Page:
European klezmer stars ready for Bay Area premiere

Kol Simcha means "voice of joy" and the musical ensemble of that name has been bringing joy to audiences across the globe for the past 13 years.

Billed as the premier klezmer band in Europe and lauded by such luminaries as the late Sir Yehudi Menuhin, the five-man group has performed its unique fusion of klezmer and jazz at Carnegie Hall, at jazz festivals, and in college auditoriums and various venues as far away as Turkey and as near as Pasadena.

Kol Simcha will make its first-ever Bay Area appearance on Saturday, April 24 at Stanford Memorial Auditorium as part of the Stanford Lively Arts Series.

The five musicians, four of them Swiss-born and one a German, have six CDs to their record. As individuals, they have performed with other groups as diverse as Big Bands, symphony orchestras, Lionel Hampton and the Klezmatics.

Flutist-composer Niki Reiser is also a film composer, and his soundtrack for "Beyond the Silence" won both the 1997 Federal Film Prize (Germany's Oscar) and the Bavarian Film Prize.

What distinguishes Kol Simcha from other klezmer ensembles, however, is not its credits but its sound.

While the clarinet and violin front most klezmer groups, Kol Simcha uses a clarinet and a flute. The group boasts a modern-jazz rhythm section and a piano — a most unwieldy instrument for groups emulating the Eastern European street-musician sound.

"It's just that traditional sound that we want to avoid," said pianist-composer Oliver Truan by phone from Madison, Wis., where the group was performing last week.

"We like the sound of the violin, but we don't want the sound in this group. We're trying to get our own sounds," he added.

"Klezmer has always been a music that is evolving, so I think we're still in that tradition," chimed in drummer David Klein, who cut his musical eyeteeth at the age of 16 in his mother's jazz quintet .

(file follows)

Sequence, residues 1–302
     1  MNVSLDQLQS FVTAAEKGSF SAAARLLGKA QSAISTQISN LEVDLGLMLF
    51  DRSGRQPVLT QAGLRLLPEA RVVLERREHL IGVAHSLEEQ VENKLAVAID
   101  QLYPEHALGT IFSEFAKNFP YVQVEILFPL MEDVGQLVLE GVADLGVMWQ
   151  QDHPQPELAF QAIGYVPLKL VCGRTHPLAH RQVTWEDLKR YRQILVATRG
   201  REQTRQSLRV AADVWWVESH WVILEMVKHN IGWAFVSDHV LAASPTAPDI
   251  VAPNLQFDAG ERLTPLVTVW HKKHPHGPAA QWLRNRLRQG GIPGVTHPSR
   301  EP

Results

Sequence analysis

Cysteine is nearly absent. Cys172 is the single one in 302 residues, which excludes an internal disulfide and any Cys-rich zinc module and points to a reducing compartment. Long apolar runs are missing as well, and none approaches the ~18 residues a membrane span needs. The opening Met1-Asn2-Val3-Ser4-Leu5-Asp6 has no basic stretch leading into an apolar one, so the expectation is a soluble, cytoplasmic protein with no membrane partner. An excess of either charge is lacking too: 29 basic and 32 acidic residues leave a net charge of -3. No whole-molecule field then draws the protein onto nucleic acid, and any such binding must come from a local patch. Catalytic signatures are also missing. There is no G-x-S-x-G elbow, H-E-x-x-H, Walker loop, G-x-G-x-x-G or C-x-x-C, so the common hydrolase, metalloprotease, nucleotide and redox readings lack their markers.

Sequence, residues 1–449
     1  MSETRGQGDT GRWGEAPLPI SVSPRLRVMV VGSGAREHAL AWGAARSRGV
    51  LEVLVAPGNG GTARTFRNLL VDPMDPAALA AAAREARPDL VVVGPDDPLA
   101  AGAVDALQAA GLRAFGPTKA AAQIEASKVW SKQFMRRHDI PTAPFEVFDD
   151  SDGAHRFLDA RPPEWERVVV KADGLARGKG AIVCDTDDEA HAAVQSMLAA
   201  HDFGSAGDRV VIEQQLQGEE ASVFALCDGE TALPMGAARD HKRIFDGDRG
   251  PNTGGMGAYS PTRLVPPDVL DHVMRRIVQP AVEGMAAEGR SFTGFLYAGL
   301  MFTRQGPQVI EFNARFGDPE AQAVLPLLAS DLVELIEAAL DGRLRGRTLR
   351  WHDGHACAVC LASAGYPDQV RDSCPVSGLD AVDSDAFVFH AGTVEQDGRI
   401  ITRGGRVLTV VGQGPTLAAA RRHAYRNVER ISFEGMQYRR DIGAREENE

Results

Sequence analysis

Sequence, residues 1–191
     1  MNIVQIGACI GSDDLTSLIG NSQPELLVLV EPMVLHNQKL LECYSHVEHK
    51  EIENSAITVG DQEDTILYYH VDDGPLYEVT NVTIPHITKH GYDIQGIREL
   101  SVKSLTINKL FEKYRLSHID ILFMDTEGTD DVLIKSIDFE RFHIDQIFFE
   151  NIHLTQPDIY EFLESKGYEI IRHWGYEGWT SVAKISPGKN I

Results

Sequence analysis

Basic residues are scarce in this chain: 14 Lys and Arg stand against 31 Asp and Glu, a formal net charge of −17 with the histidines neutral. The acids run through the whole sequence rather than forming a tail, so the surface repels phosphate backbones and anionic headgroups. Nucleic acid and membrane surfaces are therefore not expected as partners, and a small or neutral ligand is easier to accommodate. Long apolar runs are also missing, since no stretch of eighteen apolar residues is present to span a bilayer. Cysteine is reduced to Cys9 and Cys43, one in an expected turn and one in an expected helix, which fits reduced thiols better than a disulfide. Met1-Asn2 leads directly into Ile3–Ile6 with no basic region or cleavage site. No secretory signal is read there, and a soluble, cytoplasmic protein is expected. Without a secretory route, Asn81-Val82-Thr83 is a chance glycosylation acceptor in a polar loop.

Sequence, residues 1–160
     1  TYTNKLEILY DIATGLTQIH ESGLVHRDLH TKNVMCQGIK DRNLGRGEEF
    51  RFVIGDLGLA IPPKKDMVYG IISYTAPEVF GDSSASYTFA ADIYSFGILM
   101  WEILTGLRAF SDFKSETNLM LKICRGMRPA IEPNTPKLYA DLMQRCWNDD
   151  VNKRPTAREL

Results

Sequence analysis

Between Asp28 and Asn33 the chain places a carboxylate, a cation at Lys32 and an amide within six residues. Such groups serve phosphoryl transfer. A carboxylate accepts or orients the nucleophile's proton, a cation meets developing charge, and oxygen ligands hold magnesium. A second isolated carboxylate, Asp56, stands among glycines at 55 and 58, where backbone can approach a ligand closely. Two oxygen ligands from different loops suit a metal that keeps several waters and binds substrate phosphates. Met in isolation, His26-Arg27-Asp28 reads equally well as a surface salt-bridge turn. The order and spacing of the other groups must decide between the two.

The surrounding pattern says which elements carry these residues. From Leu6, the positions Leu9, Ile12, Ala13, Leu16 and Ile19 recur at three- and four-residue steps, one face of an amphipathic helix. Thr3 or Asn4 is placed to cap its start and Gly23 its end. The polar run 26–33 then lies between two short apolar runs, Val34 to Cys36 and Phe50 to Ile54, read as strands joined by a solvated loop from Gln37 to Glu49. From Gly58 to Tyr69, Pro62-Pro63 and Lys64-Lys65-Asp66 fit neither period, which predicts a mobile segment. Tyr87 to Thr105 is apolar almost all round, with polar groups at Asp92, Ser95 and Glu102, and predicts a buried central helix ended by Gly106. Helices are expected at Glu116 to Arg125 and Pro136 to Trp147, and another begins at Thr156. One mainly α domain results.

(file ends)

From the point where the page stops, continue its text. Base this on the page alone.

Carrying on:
"The music is very virtuosic," he continued, "which also is different from your usual klezmer band…Our music is very, very technically advanced." Sometimes, he added, the symphony musicians "have a rather hard time playing our music."

Most of the members of the group have been classically trained. Pianist Truan is a magna cum laude graduate of the Berklee College of Music in Boston, which is Reiser's alma mater as well.

Clarinetist-saxophonist Michael Heitzler studied at the Music Academy in Freiburg, Germany. Acoustic bassist Daniel Fricker studied at the Conservatory of Music in Basel, Switzerland, as well as the Swiss Jazz School in Bern. Klein also attended Berklee.

The musicians range in age from 30 to 40. All but Heitzler live in Switzerland.

Heitzler lives in Brooklyn with his wife and four children. The German-born musician is an observant convert to Judaism and, when the band has a Friday night gig, someone else sits in for him.

With the rising popularity of world music, klezmer, which began in the shtetls as wedding music and took on a jazzier note in the streets of New York, is enjoying a resurgence.

Kol Simcha is riding the crest of that wave and according to Truan, may have helped it swell.

"I think people are always looking for new things to discover," he said. "I'm sure we did our part but we are just one of the voices.

"At the moment," he continued, "there is more interest in Europe — Germany is crazy about it — but now it really spreads to the U.S., especially New York.

Young people, people from different social backgrounds, old people, all seem to enjoy our music. Sometimes the older people come up and say that it really reminds them of the origins of this music."

Klein recalled an experience he had while playing at the Kansas City Jazz Festival a year ago.

"I was looking into the audience," he said, "and I saw Chinese people, black people, all kinds of people and they were all loving it. And I think that is because of the jazz influence. It makes them relate to what we're playing. If it was straight klezmer, I don't know if they'd get it so much."